(back) Subject: Re: Good Music From: "Bernadette Wagner" <musicalgrl90@yahoo.com> Date: Wed, 19 Jan 2005 09:15:17 -0800 (PST)   amen   Scott Montgomery <montre1978@yahoo.com> wrote:I'm sure people thought that = some of Bach's music was crap too. I know....unbelievable, but there is = proof that people found his chorale preludes confusing along with many = other things. Times were different, just as they are now. If we have the = attitude that its ok to allow only these "secular sounding church songs" = then why even consider getting a music degree and learning about all the = great masters when all we need to know is playing 3-4 different chords. Many people have become accustomed to these "hymns" (guitar songs) because = there was a period where music was suppose allow the congregation to sing. = (As if hymns weren't good enough.) Hymns survived how many hundreds of = years before then? Speaking as a 26 year old catholic that did not = witness pre-Vatican music or services, this music was created for people = to participate that have never participated before. Easy, simple, = hip....for the 60's and maybe 70's. But what about now? I think its = "dorky" to sing these songs, even stupid at times because i don't feel = like singing Carpenter music. (We've only just Begun.....to Love = God.....sit around the table and love...man) Puke! I had my children's choir sing Here, I am Lord last weekend. I found this = descant in the ritual song hymnal and we tried it out. The kids were so = bored. Isn't this a piece that "speaks to the people?" (A old director = always told me that.....speaks to the people.) Just take a look at this = song and look at all the long notes in it. What congregation holds a note = 4 beats and then waits 4 beats and comes in again. The energy is lost the = second the first phrase starts.   So where do we all stand? I believe that you can mix in some of these = songs occasionally to makes the few who still like them happy. I know my = congregation of 1100 families would rather sing "Praise to the Lord" than = "We are Called" by David Haas. That is basically what it all comes down too: the music the director = likes, and the background of the congregation.           Scott Montgomery 619 W Church St Champaign, IL 61820 217-390-0158 www.ScottMontgomeryMusic.net     --------------------------------- Do you Yahoo!? Yahoo! Mail - Easier than ever with enhanced search. Learn more.
(back) Subject: Hymns From: "First Christian Church of Casey, Illinois" <kzrev@rr1.net> Date: Wed, 19 Jan 2005 11:33:03 -0600   What about that old classic, "Drop kick me, Jesus, through the Goalpost of Life"?   Dennis Steckley   "Don't cry because it's over. Smile because it happened."--Dr. Seuss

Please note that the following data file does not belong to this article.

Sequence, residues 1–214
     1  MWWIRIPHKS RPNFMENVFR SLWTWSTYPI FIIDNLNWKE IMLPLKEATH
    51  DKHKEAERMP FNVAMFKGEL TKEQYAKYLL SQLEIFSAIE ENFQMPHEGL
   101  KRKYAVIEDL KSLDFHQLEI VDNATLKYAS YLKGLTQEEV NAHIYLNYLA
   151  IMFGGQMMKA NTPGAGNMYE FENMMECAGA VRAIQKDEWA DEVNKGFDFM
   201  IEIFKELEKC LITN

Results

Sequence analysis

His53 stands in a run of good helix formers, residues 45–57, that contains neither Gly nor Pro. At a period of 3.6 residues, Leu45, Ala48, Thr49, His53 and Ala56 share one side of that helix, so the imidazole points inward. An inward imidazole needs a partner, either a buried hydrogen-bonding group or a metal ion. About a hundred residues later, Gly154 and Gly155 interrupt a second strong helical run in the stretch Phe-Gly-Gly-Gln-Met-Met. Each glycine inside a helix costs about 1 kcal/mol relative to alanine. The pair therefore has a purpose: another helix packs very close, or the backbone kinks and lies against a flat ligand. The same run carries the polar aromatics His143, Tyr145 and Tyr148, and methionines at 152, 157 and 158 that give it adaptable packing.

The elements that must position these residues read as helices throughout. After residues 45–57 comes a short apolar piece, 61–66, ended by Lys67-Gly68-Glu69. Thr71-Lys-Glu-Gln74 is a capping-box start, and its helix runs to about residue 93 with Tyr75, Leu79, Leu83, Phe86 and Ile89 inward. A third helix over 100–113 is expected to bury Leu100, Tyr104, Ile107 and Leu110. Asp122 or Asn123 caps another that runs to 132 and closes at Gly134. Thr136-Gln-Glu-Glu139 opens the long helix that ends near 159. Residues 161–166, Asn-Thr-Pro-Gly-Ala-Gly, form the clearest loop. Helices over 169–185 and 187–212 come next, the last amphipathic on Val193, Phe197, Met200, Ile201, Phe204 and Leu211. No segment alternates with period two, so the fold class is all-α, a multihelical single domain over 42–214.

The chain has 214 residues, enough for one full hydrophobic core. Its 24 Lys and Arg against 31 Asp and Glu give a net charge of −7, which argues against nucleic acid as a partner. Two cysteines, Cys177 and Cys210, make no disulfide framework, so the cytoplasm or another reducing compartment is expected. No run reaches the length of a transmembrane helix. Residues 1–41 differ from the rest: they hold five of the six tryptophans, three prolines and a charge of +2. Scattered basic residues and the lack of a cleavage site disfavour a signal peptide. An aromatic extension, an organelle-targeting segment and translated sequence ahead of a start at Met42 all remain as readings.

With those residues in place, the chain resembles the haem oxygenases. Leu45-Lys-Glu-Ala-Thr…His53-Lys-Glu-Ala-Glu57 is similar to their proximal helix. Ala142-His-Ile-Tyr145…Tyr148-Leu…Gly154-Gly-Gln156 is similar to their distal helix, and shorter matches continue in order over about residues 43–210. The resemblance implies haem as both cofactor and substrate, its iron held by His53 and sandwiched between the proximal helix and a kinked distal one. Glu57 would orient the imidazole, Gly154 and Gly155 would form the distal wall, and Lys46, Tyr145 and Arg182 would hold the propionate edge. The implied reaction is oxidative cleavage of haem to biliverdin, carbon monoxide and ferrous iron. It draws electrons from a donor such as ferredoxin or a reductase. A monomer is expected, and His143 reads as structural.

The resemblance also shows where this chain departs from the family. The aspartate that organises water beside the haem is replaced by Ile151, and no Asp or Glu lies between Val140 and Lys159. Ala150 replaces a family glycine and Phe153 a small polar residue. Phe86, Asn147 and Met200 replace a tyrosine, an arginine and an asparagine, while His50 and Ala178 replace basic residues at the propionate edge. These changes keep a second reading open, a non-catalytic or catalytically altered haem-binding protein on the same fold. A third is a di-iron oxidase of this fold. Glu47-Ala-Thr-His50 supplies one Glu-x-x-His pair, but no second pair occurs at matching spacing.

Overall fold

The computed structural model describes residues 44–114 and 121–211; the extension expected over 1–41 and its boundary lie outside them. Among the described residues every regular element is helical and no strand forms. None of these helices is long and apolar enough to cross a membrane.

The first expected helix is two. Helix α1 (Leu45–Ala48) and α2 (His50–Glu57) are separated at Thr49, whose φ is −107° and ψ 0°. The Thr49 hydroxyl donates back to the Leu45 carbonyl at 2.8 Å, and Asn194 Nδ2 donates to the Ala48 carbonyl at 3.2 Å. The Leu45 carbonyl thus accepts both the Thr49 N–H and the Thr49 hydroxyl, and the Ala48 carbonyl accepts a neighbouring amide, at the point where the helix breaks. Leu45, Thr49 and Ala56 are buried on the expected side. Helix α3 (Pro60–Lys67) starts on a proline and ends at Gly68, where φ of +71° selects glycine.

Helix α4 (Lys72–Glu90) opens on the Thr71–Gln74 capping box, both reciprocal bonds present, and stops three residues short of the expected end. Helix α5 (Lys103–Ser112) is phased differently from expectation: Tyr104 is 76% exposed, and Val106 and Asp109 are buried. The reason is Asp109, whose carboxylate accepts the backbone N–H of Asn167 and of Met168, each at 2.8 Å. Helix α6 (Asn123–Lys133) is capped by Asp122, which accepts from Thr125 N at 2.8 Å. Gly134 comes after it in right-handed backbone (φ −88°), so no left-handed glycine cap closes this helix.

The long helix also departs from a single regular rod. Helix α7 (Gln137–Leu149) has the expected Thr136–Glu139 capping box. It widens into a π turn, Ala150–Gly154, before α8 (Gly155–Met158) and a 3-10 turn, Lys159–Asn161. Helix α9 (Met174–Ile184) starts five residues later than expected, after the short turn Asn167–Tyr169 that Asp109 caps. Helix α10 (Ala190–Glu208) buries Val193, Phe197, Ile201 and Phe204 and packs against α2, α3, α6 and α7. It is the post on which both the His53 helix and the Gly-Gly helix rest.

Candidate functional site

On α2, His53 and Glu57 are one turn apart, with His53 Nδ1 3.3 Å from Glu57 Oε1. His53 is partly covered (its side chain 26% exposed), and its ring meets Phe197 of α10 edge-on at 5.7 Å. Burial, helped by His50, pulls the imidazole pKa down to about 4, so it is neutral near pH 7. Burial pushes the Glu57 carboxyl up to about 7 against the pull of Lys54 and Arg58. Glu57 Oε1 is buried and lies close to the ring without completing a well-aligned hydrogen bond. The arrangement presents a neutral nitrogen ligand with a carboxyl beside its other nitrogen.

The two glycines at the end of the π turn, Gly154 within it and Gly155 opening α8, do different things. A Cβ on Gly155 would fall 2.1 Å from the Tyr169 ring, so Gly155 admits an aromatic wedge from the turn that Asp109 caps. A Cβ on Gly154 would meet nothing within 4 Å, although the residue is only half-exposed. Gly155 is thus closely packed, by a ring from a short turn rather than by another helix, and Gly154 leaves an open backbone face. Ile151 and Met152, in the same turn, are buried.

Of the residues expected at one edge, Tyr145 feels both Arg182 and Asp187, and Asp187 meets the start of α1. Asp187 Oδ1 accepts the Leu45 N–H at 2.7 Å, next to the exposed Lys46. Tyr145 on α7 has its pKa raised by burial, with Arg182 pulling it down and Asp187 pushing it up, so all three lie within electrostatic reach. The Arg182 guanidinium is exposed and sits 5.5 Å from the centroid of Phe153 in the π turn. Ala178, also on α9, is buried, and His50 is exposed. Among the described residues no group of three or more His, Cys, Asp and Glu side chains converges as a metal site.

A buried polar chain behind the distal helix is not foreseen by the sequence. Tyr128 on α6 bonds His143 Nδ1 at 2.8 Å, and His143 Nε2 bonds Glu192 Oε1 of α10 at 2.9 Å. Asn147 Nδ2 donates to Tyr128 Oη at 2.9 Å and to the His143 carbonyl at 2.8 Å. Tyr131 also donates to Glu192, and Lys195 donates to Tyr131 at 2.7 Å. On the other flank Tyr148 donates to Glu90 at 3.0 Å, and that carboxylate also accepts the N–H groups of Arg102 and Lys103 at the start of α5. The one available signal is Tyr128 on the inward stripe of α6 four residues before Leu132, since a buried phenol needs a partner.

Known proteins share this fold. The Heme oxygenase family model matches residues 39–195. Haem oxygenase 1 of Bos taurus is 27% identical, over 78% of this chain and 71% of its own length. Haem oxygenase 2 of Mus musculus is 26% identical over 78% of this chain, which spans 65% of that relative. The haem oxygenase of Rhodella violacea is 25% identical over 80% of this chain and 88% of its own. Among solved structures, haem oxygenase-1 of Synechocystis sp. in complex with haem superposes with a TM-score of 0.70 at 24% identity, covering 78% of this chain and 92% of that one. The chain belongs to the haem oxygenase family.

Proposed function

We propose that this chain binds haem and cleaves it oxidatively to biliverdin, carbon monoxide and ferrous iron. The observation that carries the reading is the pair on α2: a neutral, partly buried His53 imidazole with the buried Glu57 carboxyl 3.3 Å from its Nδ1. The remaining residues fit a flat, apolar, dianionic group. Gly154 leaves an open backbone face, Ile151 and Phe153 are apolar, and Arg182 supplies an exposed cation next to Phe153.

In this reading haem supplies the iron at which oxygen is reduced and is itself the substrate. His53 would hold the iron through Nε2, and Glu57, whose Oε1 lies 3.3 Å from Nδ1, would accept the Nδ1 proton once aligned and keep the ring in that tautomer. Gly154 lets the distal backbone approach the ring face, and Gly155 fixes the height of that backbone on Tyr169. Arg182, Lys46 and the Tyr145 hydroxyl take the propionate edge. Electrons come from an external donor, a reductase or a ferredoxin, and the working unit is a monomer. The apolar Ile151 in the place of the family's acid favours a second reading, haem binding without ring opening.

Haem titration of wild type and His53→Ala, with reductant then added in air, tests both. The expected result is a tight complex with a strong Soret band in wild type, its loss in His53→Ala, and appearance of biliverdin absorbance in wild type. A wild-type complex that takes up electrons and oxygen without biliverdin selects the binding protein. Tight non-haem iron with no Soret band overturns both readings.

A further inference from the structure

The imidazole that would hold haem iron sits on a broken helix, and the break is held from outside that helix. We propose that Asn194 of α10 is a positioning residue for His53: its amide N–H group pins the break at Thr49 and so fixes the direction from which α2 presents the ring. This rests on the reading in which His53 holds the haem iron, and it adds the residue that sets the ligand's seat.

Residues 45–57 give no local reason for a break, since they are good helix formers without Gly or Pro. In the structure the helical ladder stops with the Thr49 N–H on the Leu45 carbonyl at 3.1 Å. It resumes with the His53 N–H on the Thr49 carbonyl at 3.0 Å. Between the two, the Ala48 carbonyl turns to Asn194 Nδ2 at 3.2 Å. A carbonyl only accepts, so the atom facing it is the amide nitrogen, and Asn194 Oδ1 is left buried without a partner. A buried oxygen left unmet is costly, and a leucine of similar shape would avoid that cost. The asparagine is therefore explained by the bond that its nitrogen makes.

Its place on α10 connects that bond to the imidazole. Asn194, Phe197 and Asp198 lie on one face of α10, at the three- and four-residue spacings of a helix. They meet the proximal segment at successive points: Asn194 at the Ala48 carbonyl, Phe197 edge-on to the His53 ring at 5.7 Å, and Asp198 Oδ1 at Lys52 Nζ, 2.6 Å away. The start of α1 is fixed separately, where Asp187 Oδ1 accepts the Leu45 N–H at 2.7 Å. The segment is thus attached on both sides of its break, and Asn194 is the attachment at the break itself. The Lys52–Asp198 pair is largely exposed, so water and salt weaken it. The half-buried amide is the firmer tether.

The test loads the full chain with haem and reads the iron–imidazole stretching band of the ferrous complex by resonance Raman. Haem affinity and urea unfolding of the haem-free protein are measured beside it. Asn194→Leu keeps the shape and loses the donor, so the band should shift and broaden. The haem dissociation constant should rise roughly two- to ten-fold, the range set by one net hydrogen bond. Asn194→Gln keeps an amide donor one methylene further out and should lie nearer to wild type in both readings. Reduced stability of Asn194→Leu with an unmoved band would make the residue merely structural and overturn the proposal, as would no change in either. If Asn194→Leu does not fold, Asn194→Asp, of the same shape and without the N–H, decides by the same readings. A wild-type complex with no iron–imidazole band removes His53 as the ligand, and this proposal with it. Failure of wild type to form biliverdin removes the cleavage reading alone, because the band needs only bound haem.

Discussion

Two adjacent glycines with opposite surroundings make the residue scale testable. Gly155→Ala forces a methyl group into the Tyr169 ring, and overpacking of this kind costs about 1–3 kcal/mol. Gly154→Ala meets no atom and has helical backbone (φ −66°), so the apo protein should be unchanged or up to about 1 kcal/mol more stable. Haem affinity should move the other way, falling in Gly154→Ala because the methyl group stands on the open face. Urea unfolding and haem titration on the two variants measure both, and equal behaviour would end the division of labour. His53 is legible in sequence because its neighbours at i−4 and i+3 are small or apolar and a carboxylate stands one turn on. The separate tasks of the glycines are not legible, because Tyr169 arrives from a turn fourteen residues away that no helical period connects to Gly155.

(back) Subject: RE: Organ rags From: "Shawn M. Gingrich" <shawn.gingrich@firstumchershey.org> Date: Wed, 19 Jan 2005 13:11:31 -0500   I played a program of transcriptions in March for which I arranged 3 Joplin pieces for organ: Bethena (Concert Waltz) Combination March and Elite Syncopations. They are engraved with Finale. If you'd like to request a copy, email me privately for details. shawn.gingrich@firstumchershey.org   -------|\----- Shawn M. Gingrich, Director of Music Ministry -------|/----- First United Methodist Church ------/|------ Hershey, PA 17033 -----|-(-)---- 717-533-9668 ext. 108 ------\|/----- shawn.gingrich@firstumchershey.org o/ http://fumc-hershey.org   -----Original Message----- > On 18 Jan 2005 at 23:09, Jarle Fagerheim expounded: >=20 > > Chatters, > > > > Searching for new repertoire, I found "Scott Joplin for Organ, arr.=20 > > Biggs" at Bodensee Musikversand. What are these arrangements like?=20 > > Can any of you recommend other organ rags? I think it'd be fun to=20 > > learn some! > > > > Jarle > > http://jarle.moo.no  
(back) Subject: Re: getting back "on topic" From: <DERREINETOR@aol.com> Date: Wed, 19 Jan 2005 13:47:44 EST   Dale wrote:   There is at least one other (if not several) internet users' list(s) = relating to HYMNODY. Can we please get back on the "general" topic of organs, organ =   literature, maintenance, building, tuning, composers of organ music? *******************************************************   I don't know about you, Dale, but on a given Sunday, I play three hymns = but only two pieces of "literature". And, I play it on a pipe organ--which = must be tuned, maintained and which some of us have to compose for. I fail to see = the irrelevance of hymnody, in general or in specific, to a list dedidcated = to organists, their instruments, and their profession.   (Out of deference to those whom are interested in spelling and grammar, = and whom deny the latin-germanic roots of English grammar which allow for the natural verb-modifying preposition split which places the preposition at = the end of the sentence, I offer "....for which we have to compose").   Some of these threads become tiresome, to be sure. I'm positive that I = have contributed tiresome posts to tiresome, weary threads. However, many of us = in mainstream denominations spend quite a bit of time with hymn playing, and = I for one have learned quite a bit on this list through these threads devoted to =   hymns in general.   With a wink and one raised eyebrow,   Pax, Bill H. Boston